Tim Turnbull's Tales of Terror - Free

It ought to be mentioned from the beginning that Tim's Turnbull's Tales of Terror aren't particularly terrifying, but it soon becomes apparent that actual thrills and chills aren't really the point. What this actually is has something more unusual to offer, a series of poems and songs shot through with a dry, sardonic wit and linked together by a tight focus on the sinister side of life. Turnbull is an impressive figure, buttoned up in a three-piece suit with a vaguely fin-de-siècle moustache, brilliantined hair, and a pentangle that appears to be hand-drawn on the front of his notepad. He speaks in a smooth Yorkshire drawl, recalling a more theatrical Simon Armitage or a steampunk Jarvis Cocker, and the sung portions of his set are closer to Sprechgesang, possessing the spirit of the antiquated music hall tradition with which their creator is clearly familiar. It's not a laugh a minute, but the control and flexibility of his command of rhyme and metre can raise a chuckle all by themselves (by which I mean, they are a grin-inducing display of skill, rather than 'LOL! An anapaest!'), before being bolstered by the wry observations that make up their content. Much of Turnbull's art is in juxtaposition, putting everyday banalities into the lives of freakish 'terrors of the deep', comparing Lady Gaga to a two-headed sideshow exhibit, and in the set's prose centrepiece telling the story of a horse haunted by a goat named 'BAZRAEL'. It's less effective when the humour drops and one issue is that, with work so reliant on pacy, rhythmic delivery, the occasional stuttering restart from Turnbull frequently risks breaking the momentum of a piece. But it's free, it's funny, and he's a wonderful showman, so if you've got nothing else to do for these forty minutes, you might as well roll up, roll up.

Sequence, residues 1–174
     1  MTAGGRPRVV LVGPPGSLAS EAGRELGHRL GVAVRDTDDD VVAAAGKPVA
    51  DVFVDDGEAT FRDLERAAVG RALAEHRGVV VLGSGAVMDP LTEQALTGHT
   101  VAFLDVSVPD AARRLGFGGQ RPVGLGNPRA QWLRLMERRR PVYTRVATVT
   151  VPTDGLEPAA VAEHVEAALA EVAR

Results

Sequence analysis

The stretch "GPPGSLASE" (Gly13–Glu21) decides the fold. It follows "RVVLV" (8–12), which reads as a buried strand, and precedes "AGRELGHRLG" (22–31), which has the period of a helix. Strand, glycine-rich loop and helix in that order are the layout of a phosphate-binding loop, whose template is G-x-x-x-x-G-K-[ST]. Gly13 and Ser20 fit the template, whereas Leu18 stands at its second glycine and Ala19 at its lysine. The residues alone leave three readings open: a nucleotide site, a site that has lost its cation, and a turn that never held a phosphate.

Reviews by Richard O'Brien

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The Blurb

Award-winning performance poet Turnbull's comic exploration of the supernatural, the uncanny and the downright horrid in finely-crafted verse, prose and song. 'The future poet laureate' (Guardian).

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